Cardinal Brady was joined by Archbishop Martin, "who was attending a scheduled meeting as a member of the Council of the Synod, whose purpose is to follow up on the work of the Synod of Bishops in Rome of last October," the statement said.
Irish government push religious for more abuse compensation
By NCR Staff
The 18 Irish religious orders implicated in decades of abuse of thousands of children in their care have agreed to increase their contribution to the compensation fund for victims.
Following a June 4 meeting with Irish Prime Minister Brian Cowan and other government ministers, the orders also agreed to an independent audit of their assets, so that their ability to pay further compensation can be determined.
The audit was a key request of victims groups, whose representatives met with the prime minister and other officials the day before.
The orders in a joint statement following their meeting that they were willing "to make financial and other contributions toward a broad range of measures, designed to alleviate the hurt caused to people who were abused in their care."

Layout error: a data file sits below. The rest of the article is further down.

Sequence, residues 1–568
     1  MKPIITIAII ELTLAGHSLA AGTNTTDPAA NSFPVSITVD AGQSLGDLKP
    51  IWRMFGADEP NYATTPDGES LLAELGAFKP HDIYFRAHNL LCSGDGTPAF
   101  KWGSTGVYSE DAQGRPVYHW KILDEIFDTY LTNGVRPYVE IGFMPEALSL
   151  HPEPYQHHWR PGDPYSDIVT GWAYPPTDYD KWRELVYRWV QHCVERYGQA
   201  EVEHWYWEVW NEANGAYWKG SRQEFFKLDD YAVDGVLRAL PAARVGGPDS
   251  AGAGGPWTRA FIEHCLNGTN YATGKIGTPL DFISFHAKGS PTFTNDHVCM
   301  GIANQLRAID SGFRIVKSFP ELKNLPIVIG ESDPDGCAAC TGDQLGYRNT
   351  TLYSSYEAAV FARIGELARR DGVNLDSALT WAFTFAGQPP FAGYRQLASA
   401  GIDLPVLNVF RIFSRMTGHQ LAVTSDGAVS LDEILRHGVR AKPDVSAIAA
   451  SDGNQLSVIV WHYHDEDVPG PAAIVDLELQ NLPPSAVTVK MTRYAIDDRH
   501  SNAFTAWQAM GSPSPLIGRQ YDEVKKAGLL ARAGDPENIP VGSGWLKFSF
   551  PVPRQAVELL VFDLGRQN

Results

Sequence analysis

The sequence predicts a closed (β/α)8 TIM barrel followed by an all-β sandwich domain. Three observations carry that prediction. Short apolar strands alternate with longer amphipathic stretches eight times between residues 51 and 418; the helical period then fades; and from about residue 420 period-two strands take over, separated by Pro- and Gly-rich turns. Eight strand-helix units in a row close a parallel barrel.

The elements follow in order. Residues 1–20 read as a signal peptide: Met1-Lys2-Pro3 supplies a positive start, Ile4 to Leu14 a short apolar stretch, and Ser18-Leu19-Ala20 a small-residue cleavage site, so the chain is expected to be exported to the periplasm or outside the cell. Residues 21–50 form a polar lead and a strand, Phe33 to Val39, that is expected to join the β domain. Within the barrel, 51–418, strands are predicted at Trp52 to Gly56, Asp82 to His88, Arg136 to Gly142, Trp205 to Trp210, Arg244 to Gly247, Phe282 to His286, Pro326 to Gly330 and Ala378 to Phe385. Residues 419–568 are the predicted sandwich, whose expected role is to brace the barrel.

"The congregations will contribute toward a trust, proposed by [Cowan], and a process has now commenced to establish how this can be achieved," the statement said. "Each congregation is fully committed to identifying its resources, both financial and other, within a transparent process, with a view to delivering upon commitments made today.
"We agreed to commence this process immediately, and we have also agreed to meet the [prime minister] again in two weeks' time," the statement said.
The government agreed to meet victims' representatives and religious leaders amid growing public outrage following initial public statements that the orders would not renegotiate a controversial 2002 deal in which they received indemnity from being sued by victims who attended the church-run institutions in exchange for contributing to a victims compensation fund.
That deal limited the orders' financial liability to $179 million with the government covering the rest. However, claims against the fund have grown to $1.42 billion.
The Irish Independent reported June 2 that in "a significant hardening of its position" the government "will demand congregations foot the bill for half of the total paid out."
The push for more funds follows the release of 2,600 report on a nine-year study into sexual and violent crimes committed against thousands of young Catholics who lived in residential schools run by religious orders between 1930 and 1990.